The North Carolina House paved the way for legislation that would legalize mobile sports betting in the state. But that doesn’t mean the House is ready to start moving the bill.
The North Carolina Senate passed the sports wagering bill by a narrow margin on Aug. 18. Since then, it has sat stagnant in the committee that assigns bills.
This week, there finally seemed to be some movement. The Committee on Rules, Calendar and Operations of the House referred S 688 to the Committee on Commerce.
The House also determined that if it fared well in Commerce, it would go to Judiciary and then to Finance.
All of that can happen within a few days, but first the legislation needs to clear two bigger hurdles.
North Carolina legislature focuses on budget
Sports betting has been on the backburner since August because there’s a much more important issue in the state.
A new fiscal year started on July 1, and lawmakers still haven’t reached a budget agreement with Gov. Roy Cooper. The process is complicated by Cooper being a Democrat with both legislative chambers led by Republicans.
House and Senate leaders hope to reach an agreement on a budget to send to Cooper to review next week.
Rep. Jason Saine, the sports betting sponsor in the House, is at the center of these negotiations as chair of the Committee on Appropriations.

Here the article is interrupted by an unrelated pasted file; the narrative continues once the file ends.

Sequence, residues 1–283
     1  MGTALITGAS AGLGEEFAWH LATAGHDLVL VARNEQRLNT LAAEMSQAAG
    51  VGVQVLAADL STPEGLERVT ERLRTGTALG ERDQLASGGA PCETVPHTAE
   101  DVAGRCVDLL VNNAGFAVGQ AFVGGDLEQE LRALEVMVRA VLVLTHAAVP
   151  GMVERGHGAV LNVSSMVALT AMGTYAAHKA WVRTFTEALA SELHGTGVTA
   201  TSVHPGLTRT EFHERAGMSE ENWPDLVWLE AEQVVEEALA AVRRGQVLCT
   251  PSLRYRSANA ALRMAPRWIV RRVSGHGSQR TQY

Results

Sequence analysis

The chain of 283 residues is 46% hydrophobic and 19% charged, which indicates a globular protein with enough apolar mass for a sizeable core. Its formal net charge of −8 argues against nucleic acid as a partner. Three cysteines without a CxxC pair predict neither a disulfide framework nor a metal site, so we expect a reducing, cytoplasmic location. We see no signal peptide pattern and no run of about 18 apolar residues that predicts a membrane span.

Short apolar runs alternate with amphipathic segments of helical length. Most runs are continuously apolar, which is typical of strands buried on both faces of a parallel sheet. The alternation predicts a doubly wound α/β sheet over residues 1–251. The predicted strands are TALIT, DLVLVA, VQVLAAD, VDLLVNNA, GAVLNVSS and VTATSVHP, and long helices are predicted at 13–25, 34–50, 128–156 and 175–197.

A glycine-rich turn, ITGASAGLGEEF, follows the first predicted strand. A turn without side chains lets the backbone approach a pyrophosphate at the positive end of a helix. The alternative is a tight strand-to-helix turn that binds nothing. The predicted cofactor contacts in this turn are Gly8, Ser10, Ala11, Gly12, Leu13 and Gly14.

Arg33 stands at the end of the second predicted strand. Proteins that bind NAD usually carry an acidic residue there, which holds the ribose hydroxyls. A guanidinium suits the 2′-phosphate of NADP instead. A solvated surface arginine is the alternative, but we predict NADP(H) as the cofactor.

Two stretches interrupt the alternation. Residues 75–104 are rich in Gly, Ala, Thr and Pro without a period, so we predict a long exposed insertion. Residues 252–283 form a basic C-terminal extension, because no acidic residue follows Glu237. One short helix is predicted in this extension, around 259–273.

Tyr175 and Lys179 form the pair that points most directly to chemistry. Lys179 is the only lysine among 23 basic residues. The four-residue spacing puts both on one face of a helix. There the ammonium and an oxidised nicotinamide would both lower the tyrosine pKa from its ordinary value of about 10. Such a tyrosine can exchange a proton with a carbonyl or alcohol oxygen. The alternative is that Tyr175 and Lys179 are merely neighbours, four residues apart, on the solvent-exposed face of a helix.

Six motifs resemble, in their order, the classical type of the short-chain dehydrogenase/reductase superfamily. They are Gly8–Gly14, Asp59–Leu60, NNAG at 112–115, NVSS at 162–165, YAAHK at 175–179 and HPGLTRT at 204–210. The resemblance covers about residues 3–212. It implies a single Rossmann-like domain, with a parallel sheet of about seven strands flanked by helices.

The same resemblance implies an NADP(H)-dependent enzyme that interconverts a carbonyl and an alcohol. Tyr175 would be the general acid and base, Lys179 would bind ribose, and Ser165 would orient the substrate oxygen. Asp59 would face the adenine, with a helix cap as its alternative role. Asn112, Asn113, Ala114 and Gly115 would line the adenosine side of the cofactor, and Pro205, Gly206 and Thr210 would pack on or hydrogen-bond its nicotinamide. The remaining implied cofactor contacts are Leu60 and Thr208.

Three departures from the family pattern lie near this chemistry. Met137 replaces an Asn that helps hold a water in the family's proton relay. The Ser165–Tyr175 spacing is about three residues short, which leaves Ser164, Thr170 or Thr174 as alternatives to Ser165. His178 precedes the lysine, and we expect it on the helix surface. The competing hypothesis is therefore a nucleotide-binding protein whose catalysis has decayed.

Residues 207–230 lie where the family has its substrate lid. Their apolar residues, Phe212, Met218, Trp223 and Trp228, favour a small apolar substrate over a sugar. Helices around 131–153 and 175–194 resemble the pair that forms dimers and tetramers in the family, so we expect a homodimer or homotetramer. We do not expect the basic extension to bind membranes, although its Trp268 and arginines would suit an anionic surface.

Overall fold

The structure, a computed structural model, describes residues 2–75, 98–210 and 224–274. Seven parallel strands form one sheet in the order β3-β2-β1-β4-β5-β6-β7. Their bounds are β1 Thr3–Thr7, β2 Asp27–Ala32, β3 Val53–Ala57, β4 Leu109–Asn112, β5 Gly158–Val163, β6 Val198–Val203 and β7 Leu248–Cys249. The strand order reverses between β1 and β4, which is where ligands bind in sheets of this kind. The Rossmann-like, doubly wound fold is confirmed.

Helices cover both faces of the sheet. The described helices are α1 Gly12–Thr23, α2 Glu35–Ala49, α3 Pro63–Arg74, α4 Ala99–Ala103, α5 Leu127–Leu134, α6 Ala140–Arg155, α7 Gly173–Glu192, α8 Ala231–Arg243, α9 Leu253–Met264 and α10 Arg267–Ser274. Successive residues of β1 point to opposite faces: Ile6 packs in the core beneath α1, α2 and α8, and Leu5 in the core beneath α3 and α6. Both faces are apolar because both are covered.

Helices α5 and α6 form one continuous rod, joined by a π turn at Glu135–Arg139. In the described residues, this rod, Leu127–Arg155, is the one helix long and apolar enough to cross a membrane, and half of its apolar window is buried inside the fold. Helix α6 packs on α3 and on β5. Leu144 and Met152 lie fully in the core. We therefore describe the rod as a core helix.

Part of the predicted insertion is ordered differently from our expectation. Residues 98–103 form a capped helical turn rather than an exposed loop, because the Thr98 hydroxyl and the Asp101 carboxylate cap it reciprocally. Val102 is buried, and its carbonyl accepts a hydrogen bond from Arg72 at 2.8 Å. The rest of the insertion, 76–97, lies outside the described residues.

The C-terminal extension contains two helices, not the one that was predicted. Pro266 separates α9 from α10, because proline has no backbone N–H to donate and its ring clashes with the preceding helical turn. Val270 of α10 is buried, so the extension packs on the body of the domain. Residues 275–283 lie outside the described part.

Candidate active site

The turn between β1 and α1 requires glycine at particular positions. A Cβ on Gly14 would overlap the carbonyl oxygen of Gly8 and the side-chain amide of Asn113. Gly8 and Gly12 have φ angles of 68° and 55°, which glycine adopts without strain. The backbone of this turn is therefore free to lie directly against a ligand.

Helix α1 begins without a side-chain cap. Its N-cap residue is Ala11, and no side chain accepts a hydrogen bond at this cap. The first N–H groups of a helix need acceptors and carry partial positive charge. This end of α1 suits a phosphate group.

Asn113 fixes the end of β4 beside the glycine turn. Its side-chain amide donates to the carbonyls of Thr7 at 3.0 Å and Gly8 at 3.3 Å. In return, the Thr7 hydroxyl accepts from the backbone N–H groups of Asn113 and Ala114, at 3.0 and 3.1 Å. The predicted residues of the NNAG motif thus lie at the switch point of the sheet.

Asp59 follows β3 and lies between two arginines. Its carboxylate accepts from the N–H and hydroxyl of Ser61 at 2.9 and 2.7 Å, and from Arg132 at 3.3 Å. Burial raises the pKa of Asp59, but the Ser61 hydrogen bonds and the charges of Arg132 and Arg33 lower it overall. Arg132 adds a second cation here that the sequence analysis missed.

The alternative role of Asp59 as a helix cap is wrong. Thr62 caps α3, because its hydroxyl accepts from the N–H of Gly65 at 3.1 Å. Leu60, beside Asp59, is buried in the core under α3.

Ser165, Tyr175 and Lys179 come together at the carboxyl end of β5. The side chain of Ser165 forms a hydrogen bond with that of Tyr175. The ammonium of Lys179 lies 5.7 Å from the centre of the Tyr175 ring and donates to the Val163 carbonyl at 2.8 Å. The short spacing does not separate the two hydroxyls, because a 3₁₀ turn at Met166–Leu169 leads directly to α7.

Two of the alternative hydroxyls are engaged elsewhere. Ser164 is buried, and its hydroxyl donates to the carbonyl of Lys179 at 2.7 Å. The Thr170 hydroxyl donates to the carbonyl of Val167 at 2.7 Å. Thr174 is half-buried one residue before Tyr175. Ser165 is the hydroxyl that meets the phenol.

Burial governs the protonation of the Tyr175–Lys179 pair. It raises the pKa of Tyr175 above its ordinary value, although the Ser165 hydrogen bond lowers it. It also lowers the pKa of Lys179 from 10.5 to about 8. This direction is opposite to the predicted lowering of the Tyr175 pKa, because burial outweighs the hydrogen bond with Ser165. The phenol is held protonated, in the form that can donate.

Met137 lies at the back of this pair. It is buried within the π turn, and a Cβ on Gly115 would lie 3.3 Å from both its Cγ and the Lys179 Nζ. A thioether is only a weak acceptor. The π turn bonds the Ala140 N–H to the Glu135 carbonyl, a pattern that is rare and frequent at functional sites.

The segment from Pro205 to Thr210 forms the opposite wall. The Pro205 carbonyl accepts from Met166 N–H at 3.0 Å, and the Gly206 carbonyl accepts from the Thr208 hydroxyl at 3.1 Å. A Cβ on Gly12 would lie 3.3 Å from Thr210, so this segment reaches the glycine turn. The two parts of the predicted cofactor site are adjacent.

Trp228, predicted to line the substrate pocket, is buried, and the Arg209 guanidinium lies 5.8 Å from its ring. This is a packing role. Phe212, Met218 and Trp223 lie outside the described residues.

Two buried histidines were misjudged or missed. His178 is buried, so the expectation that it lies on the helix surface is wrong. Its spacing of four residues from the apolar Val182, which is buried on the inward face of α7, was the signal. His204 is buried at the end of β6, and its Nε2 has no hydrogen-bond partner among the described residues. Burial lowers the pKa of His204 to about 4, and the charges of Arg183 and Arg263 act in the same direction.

So neither he, nor House lawmakers, have had any time to deal with sports betting legislation at the moment.
Details of North Carolina sports betting bill
Introduced in April by Sen. Jim Perry, details of S 688 include:
- Appoints the North Carolina Education Lottery (NCEL) to oversee sports betting.
- Instructs the NCEL to issue between 10 and 12 mobile sports betting licenses.
- Allows the owner/operator of sports facilities that host professional sports games with a capacity of 17,000 or more to place sports betting lounges at or within a quarter mile of the facility.
- Initial fee of $500,000 for a five-year license, renewable for $100,000.
- Tax rate of 8%.
- Allows wagering on college sports.
- Mandates operators use official league data for in-play wagers.
Pessimism for NC passage this year
In a normal year, North Carolina legislators already would be done with the session.
The latest goal is to have the budget done by mid-October. And then lawmakers still have to deal with redistricting before completing their duty for the year.
Will House members have any bandwidth left to deal with sports betting? Certainly, lawmakers want to take a look at a bill that passed the other chamber, and Saine is a good champion to have.
However, after a long, drawn out debate over the budget, it’s easy to understand them not wanting to take up a controversial sports betting bill.
The sports wagering legislation is being opposed by religious organizations in the state. As a result, it barely passed in the Senate.
Showing the sensitivity of the issue, Republicans allowed the bill to get to the floor and pass, but few wanted to put their name on it. Only 10 of 28 Republicans voted in support.
Yet, Senate champion Perry tells PlayTenn he is holding out hope.
“I do believe there is time, if they wish for there to be time,” Perry said.